Choosing care: Narratives of Interference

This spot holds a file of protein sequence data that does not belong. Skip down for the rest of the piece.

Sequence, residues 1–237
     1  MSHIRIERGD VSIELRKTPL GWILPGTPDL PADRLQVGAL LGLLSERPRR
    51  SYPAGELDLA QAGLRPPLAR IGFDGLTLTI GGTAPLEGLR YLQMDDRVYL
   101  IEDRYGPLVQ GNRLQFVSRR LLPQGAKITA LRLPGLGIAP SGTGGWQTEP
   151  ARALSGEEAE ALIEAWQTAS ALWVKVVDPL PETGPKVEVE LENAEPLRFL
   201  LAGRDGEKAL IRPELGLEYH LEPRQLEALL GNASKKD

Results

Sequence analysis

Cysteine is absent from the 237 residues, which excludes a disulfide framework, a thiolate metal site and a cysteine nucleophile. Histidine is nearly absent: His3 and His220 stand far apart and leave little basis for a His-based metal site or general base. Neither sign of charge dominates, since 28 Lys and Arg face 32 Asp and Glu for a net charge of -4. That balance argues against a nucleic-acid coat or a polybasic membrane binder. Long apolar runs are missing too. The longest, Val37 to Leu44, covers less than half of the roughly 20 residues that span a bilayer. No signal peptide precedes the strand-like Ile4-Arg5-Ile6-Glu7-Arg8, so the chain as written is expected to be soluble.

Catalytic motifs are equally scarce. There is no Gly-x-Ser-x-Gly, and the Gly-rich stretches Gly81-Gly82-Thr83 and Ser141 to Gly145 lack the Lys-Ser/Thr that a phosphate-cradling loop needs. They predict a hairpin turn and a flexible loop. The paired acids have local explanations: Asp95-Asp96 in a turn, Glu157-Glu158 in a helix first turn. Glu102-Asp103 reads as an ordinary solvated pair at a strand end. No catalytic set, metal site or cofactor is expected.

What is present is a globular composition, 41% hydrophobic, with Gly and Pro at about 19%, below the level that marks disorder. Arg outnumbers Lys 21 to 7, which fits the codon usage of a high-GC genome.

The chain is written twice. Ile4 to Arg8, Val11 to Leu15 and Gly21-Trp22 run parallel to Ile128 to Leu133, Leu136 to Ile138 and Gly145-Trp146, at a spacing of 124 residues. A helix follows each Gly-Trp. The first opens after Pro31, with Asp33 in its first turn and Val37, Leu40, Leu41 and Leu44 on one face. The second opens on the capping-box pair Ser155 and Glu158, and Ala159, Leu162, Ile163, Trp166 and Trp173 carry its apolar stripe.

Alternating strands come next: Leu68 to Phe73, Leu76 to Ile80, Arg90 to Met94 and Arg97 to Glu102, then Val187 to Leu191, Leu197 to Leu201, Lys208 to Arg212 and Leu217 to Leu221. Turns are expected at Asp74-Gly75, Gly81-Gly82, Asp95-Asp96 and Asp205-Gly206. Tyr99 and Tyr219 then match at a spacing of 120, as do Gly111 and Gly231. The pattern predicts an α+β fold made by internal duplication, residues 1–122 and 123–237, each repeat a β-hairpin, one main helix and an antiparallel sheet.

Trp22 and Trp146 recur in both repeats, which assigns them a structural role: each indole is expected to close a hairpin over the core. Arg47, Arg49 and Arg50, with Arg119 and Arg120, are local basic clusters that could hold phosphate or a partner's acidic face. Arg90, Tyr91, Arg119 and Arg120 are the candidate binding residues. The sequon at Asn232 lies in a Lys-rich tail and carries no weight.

While the literature on home birth emphasises women’s capacity to relate to birth in deeply meaningful terms, less attention has been paid to ‘interferences’ in this process. The extent to which women’s birthing needs are met relates to their capacity to make meaningful birth choices. By drawing on four case studies of South African home birthers, this paper examines the kinds of care which generate a sense of containment and continual relationship for birthing women, despite interference. Where home births validate and affirm the psycho-social nature of relational birthing subjects; being supported, being seen and being heard, translates into a social environment of care. Subjective interpretations of what matters most, narrated by home birthers in relationship with partners and caregivers, describe social environments which uphold safety, intimacy, connection, and agency. Homes are not controlled environments, so the inconsistency between narrated birth and actual birth experiences offers an interesting vantage point on the social contexts that generate empowered birthing selves. The care afforded home birthers allows them to create and maintain safe birth spaces, even as homes - bridges of public/private divides - intrude on relational selves. This research adds to an understanding of the consequences of women’s birth choices. By foregrounding interference, this paper highlights that choices (contested as they are) remain fundamental to women’s experiences of birth.